At first I thought the inherent lack of haptic feedback would stymie the game and make it less fun than a similar controller-based game like Rock Band VR on Rift. Conceptually at least, that’s not true for me. If hand-tracking were more solid I would put it nearly equal to a controller-based rhythm game in the amount of fun and skill you can build. Simply put: when it works, Unplugged is awesome.

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And although haptics would undeniably help the game, Unplugged does a good job filling in the gaps with its array of expressive visuals. The game’s beat map follows the neck of your guitar, which means you’ll always have the neck front and center, making it easy to not only tell what finger position you need and where it has to go. Strumming on the other hand (no pun intended) is a binary action that has to be done with a enough force to register.

Image courtesy Vertigo Games

But even in optimal lighting conditions with a high contrast background, you’re bound to see some jitter and experience some latency too when it comes to hand and individual finger position, which can be super annoying to deal with when you’re trying to build the physical skillset required to hit notes just right.

It feels a bit like having a button on your controller that works 90 percent of the time. That’s more than enough to get you through the experience, and probably even enjoy it, but not enough to inspire confidence in your actions. Here I go through finger counting on both hands just to show how off Quest can be at times. Notice how it hangs on three.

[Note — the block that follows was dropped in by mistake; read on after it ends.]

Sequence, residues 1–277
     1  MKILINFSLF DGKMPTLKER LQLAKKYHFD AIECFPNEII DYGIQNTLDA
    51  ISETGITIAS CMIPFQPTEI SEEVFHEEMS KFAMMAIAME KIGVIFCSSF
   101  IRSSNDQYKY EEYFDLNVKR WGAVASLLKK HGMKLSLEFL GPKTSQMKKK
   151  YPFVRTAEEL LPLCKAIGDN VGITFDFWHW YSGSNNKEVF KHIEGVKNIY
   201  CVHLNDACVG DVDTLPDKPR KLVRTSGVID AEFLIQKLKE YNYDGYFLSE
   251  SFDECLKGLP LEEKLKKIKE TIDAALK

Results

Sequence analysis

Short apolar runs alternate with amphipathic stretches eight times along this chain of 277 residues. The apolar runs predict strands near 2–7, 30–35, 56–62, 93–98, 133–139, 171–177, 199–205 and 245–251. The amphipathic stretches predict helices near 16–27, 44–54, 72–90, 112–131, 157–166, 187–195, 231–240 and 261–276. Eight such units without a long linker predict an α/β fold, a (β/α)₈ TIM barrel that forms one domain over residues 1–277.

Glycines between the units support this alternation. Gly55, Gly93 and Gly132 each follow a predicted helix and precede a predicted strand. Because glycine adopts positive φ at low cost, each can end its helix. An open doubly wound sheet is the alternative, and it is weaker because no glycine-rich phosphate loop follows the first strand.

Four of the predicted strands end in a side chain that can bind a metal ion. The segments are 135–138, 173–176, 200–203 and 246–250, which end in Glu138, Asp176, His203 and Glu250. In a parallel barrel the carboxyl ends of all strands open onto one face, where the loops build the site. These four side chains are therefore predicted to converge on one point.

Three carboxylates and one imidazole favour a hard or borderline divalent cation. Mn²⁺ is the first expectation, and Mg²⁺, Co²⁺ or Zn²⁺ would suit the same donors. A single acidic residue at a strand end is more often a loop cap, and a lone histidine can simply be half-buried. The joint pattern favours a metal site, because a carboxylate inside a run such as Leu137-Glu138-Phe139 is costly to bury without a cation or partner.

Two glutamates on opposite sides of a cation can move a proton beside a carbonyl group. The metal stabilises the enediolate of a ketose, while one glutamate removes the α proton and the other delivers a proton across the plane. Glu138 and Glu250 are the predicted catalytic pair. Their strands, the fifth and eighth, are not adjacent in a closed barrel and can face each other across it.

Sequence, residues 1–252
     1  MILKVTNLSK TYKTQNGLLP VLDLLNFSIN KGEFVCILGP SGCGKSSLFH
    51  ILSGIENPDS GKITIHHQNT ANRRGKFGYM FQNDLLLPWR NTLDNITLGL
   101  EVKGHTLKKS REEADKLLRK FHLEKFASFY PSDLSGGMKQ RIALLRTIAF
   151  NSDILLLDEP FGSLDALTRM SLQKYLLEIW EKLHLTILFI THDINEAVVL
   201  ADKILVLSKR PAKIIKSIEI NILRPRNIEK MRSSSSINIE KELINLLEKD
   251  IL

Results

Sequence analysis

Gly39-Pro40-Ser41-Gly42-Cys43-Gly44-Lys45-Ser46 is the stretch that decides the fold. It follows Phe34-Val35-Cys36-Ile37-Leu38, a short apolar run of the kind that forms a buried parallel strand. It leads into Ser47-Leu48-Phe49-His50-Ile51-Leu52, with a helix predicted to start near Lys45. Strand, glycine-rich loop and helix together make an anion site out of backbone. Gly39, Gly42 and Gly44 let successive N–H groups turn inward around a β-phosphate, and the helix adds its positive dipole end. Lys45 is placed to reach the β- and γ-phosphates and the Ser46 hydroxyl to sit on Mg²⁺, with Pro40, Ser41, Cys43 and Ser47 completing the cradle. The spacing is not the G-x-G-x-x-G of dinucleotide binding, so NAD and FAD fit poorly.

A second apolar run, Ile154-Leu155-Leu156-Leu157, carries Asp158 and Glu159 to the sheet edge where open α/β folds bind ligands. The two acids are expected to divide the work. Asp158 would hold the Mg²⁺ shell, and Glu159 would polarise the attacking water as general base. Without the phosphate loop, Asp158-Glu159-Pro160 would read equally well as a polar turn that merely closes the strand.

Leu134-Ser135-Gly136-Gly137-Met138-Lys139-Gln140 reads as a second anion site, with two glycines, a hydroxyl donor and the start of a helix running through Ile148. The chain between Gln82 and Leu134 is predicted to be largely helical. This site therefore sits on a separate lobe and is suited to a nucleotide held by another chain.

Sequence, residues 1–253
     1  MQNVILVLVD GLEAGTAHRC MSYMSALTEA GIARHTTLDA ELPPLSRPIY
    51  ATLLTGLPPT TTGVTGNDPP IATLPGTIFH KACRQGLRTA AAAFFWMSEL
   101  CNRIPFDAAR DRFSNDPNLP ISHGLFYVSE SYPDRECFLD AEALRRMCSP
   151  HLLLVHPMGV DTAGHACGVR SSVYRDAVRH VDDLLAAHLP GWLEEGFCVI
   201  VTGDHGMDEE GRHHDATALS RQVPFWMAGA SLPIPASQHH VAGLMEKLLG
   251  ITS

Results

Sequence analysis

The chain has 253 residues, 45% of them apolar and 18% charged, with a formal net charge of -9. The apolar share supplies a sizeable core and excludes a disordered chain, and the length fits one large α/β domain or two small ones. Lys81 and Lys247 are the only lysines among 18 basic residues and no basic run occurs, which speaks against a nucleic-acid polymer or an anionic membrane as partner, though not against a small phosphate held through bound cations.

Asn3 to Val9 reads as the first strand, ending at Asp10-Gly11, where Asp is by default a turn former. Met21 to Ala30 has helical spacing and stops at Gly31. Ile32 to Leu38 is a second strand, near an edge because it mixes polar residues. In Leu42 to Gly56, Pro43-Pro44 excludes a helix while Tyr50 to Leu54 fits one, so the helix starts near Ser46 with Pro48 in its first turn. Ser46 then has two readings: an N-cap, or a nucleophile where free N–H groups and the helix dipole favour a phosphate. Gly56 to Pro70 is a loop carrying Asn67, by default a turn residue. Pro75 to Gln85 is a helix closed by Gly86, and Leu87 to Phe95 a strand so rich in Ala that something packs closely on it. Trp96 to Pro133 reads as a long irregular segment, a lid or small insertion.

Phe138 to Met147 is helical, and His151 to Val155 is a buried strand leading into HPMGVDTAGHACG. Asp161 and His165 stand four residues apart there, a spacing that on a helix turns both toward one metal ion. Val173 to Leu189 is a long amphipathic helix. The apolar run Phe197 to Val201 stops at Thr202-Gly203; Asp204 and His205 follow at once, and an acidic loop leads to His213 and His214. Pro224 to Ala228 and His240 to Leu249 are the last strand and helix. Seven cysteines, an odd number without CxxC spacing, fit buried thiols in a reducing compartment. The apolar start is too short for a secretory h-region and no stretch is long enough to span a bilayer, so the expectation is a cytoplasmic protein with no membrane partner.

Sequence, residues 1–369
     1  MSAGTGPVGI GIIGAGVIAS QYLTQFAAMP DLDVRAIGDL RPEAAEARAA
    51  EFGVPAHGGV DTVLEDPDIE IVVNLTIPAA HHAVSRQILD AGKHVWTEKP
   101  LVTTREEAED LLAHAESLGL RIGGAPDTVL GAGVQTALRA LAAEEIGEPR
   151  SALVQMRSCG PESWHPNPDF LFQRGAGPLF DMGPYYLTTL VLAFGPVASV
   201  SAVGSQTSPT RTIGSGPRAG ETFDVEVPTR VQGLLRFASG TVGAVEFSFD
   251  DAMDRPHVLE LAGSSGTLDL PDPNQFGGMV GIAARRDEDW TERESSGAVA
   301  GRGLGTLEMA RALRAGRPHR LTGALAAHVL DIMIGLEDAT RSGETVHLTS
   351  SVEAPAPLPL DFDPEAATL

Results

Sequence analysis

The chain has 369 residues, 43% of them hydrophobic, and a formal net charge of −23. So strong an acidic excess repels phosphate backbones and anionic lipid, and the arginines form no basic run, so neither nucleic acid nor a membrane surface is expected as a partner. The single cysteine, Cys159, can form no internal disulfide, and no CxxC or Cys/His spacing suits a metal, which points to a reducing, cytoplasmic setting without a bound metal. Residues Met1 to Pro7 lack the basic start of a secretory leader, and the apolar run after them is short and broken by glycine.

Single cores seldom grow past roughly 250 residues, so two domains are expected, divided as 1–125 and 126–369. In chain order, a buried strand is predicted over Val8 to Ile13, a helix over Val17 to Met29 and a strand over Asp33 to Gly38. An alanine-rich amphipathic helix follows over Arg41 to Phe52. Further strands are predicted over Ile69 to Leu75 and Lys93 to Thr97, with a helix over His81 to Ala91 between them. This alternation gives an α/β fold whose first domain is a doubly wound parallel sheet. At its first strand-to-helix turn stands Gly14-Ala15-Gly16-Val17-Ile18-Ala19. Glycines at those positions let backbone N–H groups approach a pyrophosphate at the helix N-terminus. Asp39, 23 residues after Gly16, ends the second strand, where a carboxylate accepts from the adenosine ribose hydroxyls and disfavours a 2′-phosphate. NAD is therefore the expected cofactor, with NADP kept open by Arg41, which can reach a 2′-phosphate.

Here’s a few tips to get best case scenario hand-tracking input—if you don’t mind babying Unplugged into having a good time, that is. You have to be very deliberate in your finger positions to make sure they not only register correctly, but also register in enough time for whatever latency there is to resolve itself before you strum to the beat. Definitely take the time to setup your environment so you have a high contrast background and adequate lighting, and you’ll be able to hit that 90ish percent accuracy you’ll need to play and have fun.

Granted, a PC VR version is coming at some point this year, although it will only support controllers with full-fingered tracking like Valve IndexI would much rather play it that way than dealing with the jumpy inaccuracies of Quest’s hand tracking.

Comfort

There’s no artificial locomotion at all, so it can be a really comfortable experience provided you aren’t prone to neck strain.

At first I played Unplugged sort of curled up to get a good view of the guitar’s neck, sort of like a weak impression of Kurt Cobain at MTV Unplugged in New York, circa 1993. You should resist the urge to look down a bunch though and instead position the air guitar more upright so you don’t need to crane your neck so much. Neck muscles aren’t made to deal with off-center weight for long periods of time, so just make sure not to push yourself.

‘Unplugged’ Comfort Settings – October 21st, 2021

Turning

Artificial turning ✖
Smooth-turn ✖
Adjustable speed n/a
Snap-turn ✖
Adjustable increments n/a

Movement

Artificial movement ✖
Smooth-move ✖
Adjustable speed n/a
Teleport-move ✖
Blinders ✖
Adjustable strength n/a
Head-based ✖
Controller-based ✖
Swappable movement hand ✖

Posture

Standing mode ✔
Seated mode ✔
Artificial crouch n/a
Real crouch n/a

Accessibility

Subtitles ✔
Languages English
Alternate audio ✖
Languages n/a
Adjustable difficulty ✔
Two hands required ✔
Real crouch required ✖
Hearing required ✖
Adjustable player height n/a

The post ‘Unplugged’ Review – Rock Star Ambitions Stifled by Quest’s Hand-tracking appeared first on Road to VR.

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Source: https://www.roadtovr.com/unplugged-review-quest/